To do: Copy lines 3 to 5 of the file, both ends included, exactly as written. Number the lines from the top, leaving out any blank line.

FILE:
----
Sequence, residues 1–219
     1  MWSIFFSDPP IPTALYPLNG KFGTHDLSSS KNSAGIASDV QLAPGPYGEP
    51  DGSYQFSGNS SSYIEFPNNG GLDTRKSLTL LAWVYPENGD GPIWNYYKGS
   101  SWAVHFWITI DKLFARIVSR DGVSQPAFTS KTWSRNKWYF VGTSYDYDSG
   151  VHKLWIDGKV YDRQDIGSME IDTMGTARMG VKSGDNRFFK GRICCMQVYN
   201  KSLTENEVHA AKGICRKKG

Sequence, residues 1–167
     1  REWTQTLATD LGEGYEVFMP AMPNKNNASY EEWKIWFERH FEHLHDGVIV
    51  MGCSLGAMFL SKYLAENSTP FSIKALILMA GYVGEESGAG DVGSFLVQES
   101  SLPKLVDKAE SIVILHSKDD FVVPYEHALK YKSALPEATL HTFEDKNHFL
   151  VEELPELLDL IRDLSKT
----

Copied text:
    51  DGSYQFSGNS SSYIEFPNNG GLDTRKSLTL LAWVYPENGD GPIWNYYKGS
   101  SWAVHFWITI DKLFARIVSR DGVSQPAFTS KTWSRNKWYF VGTSYDYDSG
   151  VHKLWIDGKV YDRQDIGSME IDTMGTARMG VKSGDNRFFK GRICCMQVYN